Classé Omega line-level preamplifier Page 3
Reaching for Omega
While it does have an identifiable character, the Omega preamplifier doesn't have much voice of its own. That's exactly as it should be. Open, fast, transparent, and extended, it always controlled the associated amp with a linear, full-range signal. In that way it proved a perfect match for the sweep and romance of the suave, richly powerful Omega power amplifier.
When I first wired up the preamp, I heard just a few molecules of dryness in the upper-midrange/lower-treble region, as well as a hairsbreadth of grain. I was relieved when these disappeared after just a few hours. The preamp's inherent nature is nonetheless extremely linear and extended, something like the character of the Boulder Balanced 2010 preamp: flat-sounding from DC to ultraviolet.
As I harnessed the Omega preamp to the various power amps on hand, certain elements of its presentation became evident. Its dynamic palette was beautifully variegated, every small nuance of timing, pitch, and subtle dynamics laid out cleanly for the listener. The way Count Basie holds back or just leads the beat in "Rent Party," from The Timekeepers (JVCXR-0206-2), was beautifully revealed, for example. At the other end of the spectrum, macrodynamics of every kind were hugely available for any amp with the guts and wherewithal to pump it out big time.
The Omega preamp was rather stern in its way, hiding nothing of poor recordings or problems elsewhere in the system. Yet, paradoxically, it usually sounded quite attractive. The overall level of transparency was nearly as great as the YBA Signature 6 Chassis, an astounding feat given the lofty bar set by the YBA. But where the YBA components sound a touch detached and removed—perhaps a function of their palpable elegance—the Omegas, when run together, give of themselves a little more freely. They're more willing to give you a lap dance and a thrill.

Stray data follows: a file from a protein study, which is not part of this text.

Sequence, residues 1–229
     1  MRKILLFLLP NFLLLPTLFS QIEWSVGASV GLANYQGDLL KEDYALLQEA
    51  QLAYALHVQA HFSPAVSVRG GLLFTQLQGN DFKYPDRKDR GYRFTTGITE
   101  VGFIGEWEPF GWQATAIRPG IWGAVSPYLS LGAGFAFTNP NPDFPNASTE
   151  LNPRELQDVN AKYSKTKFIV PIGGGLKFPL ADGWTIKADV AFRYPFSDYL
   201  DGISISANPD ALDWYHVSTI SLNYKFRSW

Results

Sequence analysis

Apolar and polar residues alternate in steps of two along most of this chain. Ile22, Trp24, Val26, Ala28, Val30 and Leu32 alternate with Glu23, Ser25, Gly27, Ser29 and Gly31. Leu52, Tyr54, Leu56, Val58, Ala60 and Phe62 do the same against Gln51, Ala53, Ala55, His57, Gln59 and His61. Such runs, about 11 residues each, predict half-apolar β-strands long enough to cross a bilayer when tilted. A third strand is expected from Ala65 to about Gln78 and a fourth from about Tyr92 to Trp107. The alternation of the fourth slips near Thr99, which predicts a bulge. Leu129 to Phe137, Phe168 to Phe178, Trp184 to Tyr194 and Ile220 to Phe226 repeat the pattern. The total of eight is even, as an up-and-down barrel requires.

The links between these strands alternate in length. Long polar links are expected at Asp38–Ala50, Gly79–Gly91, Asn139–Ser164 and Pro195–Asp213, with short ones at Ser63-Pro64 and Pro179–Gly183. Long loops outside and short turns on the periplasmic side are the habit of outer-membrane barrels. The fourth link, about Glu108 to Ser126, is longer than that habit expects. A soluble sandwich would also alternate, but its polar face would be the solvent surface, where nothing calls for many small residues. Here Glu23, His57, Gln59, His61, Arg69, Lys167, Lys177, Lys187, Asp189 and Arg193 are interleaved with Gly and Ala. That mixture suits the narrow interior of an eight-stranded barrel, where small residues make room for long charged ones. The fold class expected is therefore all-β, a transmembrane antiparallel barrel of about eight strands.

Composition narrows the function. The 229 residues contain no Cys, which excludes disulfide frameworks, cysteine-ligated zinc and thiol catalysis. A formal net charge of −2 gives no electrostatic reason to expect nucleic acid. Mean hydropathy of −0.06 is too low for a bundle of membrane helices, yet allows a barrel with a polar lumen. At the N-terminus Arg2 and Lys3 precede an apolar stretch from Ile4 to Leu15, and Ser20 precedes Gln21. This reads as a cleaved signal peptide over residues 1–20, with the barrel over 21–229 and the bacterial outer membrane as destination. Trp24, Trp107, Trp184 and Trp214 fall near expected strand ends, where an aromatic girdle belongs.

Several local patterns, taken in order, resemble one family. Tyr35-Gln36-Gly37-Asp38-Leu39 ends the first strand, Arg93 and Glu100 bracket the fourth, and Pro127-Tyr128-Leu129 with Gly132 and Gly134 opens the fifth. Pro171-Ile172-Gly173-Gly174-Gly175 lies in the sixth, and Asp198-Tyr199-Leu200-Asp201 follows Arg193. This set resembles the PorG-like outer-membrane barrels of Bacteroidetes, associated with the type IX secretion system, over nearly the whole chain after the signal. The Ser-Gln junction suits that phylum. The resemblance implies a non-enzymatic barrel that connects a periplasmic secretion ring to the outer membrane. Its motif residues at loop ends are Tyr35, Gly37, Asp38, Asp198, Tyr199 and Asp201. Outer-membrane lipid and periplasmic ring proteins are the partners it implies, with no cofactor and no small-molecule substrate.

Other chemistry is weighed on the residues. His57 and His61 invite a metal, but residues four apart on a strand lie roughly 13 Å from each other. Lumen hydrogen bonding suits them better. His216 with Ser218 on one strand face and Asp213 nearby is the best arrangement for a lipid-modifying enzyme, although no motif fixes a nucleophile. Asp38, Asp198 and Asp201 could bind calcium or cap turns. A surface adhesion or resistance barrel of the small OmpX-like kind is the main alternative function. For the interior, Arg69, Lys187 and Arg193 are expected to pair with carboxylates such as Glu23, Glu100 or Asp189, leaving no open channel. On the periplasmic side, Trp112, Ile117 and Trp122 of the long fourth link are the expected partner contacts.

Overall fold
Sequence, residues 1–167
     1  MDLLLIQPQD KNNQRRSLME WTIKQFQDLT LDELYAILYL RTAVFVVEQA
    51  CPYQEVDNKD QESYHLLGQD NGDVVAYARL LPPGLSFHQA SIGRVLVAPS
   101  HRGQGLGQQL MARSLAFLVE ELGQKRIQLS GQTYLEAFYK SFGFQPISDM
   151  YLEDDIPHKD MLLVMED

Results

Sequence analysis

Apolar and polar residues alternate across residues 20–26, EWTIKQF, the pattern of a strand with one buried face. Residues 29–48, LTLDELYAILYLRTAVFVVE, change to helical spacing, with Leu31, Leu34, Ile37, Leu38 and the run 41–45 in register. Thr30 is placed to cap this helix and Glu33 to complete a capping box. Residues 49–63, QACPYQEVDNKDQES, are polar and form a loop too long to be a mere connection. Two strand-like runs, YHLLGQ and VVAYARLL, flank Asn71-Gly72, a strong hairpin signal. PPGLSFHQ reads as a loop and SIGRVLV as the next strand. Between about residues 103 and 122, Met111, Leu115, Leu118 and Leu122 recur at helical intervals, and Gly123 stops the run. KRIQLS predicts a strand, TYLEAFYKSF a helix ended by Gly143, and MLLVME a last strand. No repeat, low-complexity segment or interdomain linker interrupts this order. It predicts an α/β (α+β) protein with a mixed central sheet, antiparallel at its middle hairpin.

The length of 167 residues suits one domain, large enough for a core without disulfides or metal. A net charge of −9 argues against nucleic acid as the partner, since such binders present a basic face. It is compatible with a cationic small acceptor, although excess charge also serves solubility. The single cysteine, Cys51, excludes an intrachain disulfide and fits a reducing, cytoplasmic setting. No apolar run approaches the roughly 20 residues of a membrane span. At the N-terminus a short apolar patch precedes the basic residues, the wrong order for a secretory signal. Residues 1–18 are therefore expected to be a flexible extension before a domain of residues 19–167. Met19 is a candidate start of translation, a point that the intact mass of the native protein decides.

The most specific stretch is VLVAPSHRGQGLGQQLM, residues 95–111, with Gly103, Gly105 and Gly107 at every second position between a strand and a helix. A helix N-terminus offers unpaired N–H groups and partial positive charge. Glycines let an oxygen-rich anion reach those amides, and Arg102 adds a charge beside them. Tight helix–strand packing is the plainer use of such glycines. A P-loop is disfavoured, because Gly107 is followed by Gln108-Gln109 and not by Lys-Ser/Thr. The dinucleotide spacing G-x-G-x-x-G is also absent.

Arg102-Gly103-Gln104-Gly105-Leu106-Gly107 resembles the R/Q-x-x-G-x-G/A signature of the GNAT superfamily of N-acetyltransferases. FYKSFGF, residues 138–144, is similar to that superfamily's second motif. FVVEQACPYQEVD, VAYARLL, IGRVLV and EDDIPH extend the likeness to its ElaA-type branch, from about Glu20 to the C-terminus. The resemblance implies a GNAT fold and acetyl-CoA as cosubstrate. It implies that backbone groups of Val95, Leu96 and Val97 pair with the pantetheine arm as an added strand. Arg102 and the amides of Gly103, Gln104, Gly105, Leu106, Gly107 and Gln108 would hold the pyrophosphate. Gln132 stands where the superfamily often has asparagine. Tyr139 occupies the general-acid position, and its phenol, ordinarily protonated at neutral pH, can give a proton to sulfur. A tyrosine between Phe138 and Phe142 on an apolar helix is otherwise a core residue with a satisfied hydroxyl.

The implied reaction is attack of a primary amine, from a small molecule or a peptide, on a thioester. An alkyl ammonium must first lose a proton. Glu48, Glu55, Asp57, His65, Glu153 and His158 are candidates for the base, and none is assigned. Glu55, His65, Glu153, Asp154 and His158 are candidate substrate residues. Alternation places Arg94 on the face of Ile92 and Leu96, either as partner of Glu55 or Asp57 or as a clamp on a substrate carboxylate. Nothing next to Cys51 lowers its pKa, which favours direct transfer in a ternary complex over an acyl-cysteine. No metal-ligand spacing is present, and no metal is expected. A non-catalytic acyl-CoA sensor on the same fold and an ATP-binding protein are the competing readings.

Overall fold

Listening to Tony Overwater do Alanis Morissette's "Ironic" (from Up Close, Turtle 198119), I jotted: "The sound is sensuous beyond description, the air and reverberant acoustic open and beautifully delineated in a dimensional, spacious soundstage." Focus was excellent: I enjoyed "visually" tracking the movement of the bell on the tenor sax as the musician swayed to the beat. The soundstage was utterly transparent, extremely 3-D and wraparound, palpable and involving. The sense of acoustic space was enhanced, and while it didn't leap out at me in an unseemly manner, the midrange was "utterly luscious" (more jottings), and "rich with luster and harmonic depth." The focus and clarity made for a fast-sounding presentation that, rather than coming off zippy, allowed a heightened sense of color and vigor to develop—a bit like the Nagra PL-P.
Searching for openness in the highs, I spun female vocals, beginning with favorites like Patricia Barber's Modern Cool (Premonition PREM-741-2) and Morcheeba's Skye Edwards on Big Calm (Sire/China 31020-2). On each disc, the Omega filled out the soundstage with a sharply focused spotlight on the lady in question. "Visually" the preamp always imaged superbly well, sounding open and sunny, but not hot or even especially warm. In fact, its sound was more October-like: clear, clean, and crisp, leaves rustling in a freshening breeze. The Omega dropped both chantoosies nicely back between the speakers—very palpable, the accompanying musicians on their own cushions of dimensional air spread out to either side. The JMlab Utopia speakers utterly disappeared; the separation and imaging on the soundstage was virtuoso. Barber and Edwards came across with a lovely smoothness and a slight lift in the lower treble, especially on the AudioPrism tube amps.
Male vocals were totally boss. Try "Dreamgirl," from Ying Tan's re-release of Roy Gaines doing "I Got the T-Bone Walker Blues" (Groove Note GRV 2002-2)—a great recording. Notes: "Lots of punch and tonal color, no soggy chestiness, just BIG tight images loaded with sound and color. The palp factor is extraordinary, no element of the presentation confused or ambivalent." I felt the same way listening to my man Lou Reed do the fab "Faces and Names," from Songs for Drella (Sire 26140-2).